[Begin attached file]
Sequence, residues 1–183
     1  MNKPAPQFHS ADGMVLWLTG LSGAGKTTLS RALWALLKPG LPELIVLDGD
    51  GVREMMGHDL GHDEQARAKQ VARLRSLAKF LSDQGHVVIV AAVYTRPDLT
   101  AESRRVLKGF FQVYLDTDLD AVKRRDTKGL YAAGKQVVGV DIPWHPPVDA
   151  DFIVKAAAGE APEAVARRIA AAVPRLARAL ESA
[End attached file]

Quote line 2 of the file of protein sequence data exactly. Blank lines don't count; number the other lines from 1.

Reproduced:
     1  MNKPAPQFHS ADGMVLWLTG LSGAGKTTLS RALWALLKPG LPELIVLDGD